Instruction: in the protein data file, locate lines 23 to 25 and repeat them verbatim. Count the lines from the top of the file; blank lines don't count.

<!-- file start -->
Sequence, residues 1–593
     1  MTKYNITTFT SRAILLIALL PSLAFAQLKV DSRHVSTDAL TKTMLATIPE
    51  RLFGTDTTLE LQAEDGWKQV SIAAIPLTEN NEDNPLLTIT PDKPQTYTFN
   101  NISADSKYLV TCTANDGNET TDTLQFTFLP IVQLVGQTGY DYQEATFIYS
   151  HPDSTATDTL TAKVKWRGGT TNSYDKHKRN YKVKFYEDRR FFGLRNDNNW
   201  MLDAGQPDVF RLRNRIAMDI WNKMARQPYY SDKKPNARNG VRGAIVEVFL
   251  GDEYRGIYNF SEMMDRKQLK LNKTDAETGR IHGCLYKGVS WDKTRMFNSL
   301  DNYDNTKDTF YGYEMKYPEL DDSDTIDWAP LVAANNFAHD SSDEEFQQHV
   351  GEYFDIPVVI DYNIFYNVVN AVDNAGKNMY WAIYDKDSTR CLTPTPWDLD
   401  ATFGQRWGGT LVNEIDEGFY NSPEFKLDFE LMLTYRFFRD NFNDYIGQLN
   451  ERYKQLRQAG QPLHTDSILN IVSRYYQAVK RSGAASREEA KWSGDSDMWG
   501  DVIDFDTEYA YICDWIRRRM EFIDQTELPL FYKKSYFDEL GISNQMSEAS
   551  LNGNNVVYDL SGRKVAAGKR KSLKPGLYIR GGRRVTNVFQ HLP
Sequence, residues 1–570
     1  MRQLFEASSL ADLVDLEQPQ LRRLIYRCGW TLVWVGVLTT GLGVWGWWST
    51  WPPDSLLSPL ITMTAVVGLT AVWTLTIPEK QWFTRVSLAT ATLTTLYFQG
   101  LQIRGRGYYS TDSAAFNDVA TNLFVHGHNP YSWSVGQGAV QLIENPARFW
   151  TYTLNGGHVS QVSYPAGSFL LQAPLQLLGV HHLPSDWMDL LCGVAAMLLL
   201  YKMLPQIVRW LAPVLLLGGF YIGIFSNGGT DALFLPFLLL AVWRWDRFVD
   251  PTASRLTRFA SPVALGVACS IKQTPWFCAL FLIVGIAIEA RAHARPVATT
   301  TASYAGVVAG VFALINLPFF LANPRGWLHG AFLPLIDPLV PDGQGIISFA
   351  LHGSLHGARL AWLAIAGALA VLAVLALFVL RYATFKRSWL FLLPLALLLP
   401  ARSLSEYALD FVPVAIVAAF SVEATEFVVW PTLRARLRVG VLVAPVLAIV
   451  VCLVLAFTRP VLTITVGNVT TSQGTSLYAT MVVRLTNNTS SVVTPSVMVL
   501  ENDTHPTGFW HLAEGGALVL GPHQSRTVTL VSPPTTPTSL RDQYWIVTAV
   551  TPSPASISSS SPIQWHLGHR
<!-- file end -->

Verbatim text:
   401  ARSLSEYALD FVPVAIVAAF SVEATEFVVW PTLRARLRVG VLVAPVLAIV
   451  VCLVLAFTRP VLTITVGNVT TSQGTSLYAT MVVRLTNNTS SVVTPSVMVL
   501  ENDTHPTGFW HLAEGGALVL GPHQSRTVTL VSPPTTPTSL RDQYWIVTAV